And my response to your comments,

  1. My comment about the FX-Line being ancient, that is just factual. it was released in 2012, and we are in 2015 AMD should of replaced the Piledrver FX chips YEARS ago.
  2. I NEVER said they were bad CPU's you may want to re-read my comment again.
  3. The current FX line having a long life ahead? HELL NO, if it did, AMD wouldn't need to replace the current 32nm Piledriver Architecture with the alleged 14nm Zen Architecture now would they?
  4. Games leveraging more cores yes it's getting there, but it's still not here, most games are leveraging at MOST 4-Cores.
  • http://community.amd.com/community/amd-blogs/amd-gaming/blog
  • http://www.ign.com/articles/2014/12/10/amd-revamps-its-approach-to-drivers-with-the-catalyst-omega

Refer to the footnotes in these links.

sigh...

i can attest to the fact that 4.6ghz seems to be the sweet spot (i have built and tested four machines around the 8350 so I have a spectrum to judge by), it's marginal gain after that vs the tradeoff of massive heat/cooling issues.

I am pretty sure that once devs get to better know the current gen consoles better that pc games will benefit.. not quite there yet though and we have to go through the pain of things like ass creed unity, dead rising 3 and dying light (although dying light is nowhere near broken.. just some performance issues which seem easily fixable  :D).

that aside though I am pretty hapy with my current AMD machine, never built an amd rig before this one (was always intel/nvidia) and I decided to go all change and slum it (had more pressing things to spend my cash on, like mortgage :P).

.. in some alternate reality somewhere there is a me typing this on his intel  / nvidia rig :D

BTW, crossfire is awesome when it works... sadly seems 50/50 whenever I buy a game.

Agreed with Kat.

Plus, By the time games are actually able to use 8 cores, the 8 core piledriver will be so slow it'll perform way worse still, than the future offerings.

In short. Yes, it'll perform better once games use all those "cores." Will it bring home a kick-ass performance crown? I think that answer is pretty clear already...

There is no more life left in the piledriver architecture for future enthusiasts.

Thanks for the input guys.  I really appreciate it.  As far as the 290x goes, which ones are the ones that I should look at or avoid?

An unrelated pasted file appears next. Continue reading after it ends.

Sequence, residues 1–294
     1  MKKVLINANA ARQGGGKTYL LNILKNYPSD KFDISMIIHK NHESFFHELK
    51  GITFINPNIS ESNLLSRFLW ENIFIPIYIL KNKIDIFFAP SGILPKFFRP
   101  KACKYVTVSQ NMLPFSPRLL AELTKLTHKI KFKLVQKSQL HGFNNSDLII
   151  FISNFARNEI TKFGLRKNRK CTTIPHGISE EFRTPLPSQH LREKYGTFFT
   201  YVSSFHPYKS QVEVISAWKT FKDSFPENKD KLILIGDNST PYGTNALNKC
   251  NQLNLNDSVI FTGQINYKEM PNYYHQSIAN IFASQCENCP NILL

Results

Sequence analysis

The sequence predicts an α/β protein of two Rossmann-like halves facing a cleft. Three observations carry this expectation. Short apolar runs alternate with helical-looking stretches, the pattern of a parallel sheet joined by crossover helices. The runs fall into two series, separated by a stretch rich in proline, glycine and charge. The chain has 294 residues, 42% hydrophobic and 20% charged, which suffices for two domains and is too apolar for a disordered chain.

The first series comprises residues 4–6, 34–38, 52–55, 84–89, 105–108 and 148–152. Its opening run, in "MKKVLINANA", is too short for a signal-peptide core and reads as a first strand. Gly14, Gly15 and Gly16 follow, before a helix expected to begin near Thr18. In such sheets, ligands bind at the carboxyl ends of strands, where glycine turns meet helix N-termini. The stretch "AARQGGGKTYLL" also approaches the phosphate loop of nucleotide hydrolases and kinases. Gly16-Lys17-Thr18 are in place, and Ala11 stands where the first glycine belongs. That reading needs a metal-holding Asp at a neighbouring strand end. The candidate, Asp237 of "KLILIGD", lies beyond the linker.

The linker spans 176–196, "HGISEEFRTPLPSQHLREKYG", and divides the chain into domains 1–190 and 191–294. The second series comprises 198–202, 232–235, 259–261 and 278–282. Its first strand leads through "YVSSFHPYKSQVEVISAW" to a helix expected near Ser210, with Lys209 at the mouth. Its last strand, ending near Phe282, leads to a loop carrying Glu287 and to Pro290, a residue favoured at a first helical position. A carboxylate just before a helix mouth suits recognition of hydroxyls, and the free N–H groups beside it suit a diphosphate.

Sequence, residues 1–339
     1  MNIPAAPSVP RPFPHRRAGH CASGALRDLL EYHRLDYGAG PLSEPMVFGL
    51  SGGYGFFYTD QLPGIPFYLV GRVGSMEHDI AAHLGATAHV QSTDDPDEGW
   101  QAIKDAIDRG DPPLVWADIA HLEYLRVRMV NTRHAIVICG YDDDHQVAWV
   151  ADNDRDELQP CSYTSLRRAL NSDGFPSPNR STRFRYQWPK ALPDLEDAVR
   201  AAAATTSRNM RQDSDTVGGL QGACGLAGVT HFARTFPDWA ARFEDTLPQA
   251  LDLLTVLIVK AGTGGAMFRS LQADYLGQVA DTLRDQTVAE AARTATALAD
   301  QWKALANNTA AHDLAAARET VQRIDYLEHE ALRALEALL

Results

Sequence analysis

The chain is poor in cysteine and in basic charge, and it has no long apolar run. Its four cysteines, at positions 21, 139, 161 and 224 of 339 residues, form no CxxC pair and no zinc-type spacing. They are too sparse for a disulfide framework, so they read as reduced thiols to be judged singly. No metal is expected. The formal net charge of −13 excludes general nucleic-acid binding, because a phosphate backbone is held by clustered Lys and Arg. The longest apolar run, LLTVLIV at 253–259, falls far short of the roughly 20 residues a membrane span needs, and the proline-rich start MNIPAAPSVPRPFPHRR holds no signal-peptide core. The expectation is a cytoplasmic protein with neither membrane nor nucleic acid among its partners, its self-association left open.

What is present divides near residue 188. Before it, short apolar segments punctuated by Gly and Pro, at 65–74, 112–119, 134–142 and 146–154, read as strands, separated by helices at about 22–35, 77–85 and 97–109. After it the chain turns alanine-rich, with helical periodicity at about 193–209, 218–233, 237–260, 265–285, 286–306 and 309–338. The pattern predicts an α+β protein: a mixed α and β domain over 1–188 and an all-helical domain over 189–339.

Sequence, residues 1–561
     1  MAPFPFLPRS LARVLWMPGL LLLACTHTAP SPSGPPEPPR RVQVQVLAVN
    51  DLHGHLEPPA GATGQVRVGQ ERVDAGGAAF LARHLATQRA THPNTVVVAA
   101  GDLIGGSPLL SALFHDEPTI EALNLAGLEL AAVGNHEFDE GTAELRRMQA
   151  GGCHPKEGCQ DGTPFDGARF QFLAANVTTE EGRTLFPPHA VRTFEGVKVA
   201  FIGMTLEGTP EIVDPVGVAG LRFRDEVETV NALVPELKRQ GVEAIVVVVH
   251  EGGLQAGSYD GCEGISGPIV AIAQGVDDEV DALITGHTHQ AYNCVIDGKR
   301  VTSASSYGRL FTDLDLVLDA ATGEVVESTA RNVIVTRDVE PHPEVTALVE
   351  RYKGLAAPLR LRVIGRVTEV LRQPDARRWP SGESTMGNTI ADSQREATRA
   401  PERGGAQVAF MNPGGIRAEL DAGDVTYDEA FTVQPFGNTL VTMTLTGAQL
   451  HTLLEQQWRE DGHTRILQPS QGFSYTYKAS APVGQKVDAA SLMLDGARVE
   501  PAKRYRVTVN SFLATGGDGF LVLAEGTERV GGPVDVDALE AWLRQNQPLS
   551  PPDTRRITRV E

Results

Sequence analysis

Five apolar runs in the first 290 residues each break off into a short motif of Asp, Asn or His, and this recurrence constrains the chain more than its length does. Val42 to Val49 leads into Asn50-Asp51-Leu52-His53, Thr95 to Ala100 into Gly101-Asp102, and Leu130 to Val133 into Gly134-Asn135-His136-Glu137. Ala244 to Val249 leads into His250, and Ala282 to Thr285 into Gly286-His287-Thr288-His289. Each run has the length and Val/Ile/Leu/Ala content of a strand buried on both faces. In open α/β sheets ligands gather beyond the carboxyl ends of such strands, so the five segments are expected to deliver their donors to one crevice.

here's the R9-290X's you can get ahold of in order from best to decent.

  1. MSI 290X Lightning
  2. Sapphire R9-290X Vapor-X (This comes with a backplate)
  3. Gigabyte Windforce R9-290X
  4. XFX Double Dissipation R9-290X
  5. Powercolor PCS+ R9-290X (this comes with a backplate)

this is in my personal opinion, the go-to cards. at least until the R9-300 series comes soon.

In my opinion #1 and #2 should be switched. I'd also put the Sapphire Tri-X up there probably between #2 and #3.

What about the 295x?  The XFX model is on Newegg for pretty cheap (in comparison) right now.

Two R9-290X cards would be cheaper and less of a hassle. you need to have a bit of knowledge on your PSU if you go with a R9-295X2 because it breaks PCi-E specifications. i don't recommend you get it, if you don't really know the technical details of your PSU.

just go with 2 Stand alone R9-290X cards, it's less of a hassle. or if you TRULY want a "Dual GPU" very badly without having to deal with the PCi-E specs issue, Powercolor has a "Devil 13" R9-290X. (it's labeled as a R9-290X but it's two R9-290X GPU's on one PCB) but word of advice the card is fucking MASSIVE and heavy as shit. oh and it comes with a free mouse =)

http://www.newegg.com/Product/Product.aspx?Item=N82E16814131584&cm_re=R9-290X-_-14-131-584-_-Product

www.youtube.com/watch?v=WdqWUJUxjf8

That's crazy as hell.  I'll keep that in mind, but I'm kind of leaning towards the MSI Lightning.  It seems like the cheapest option and has a $30 rebate on top of being $70 off on Newegg right now.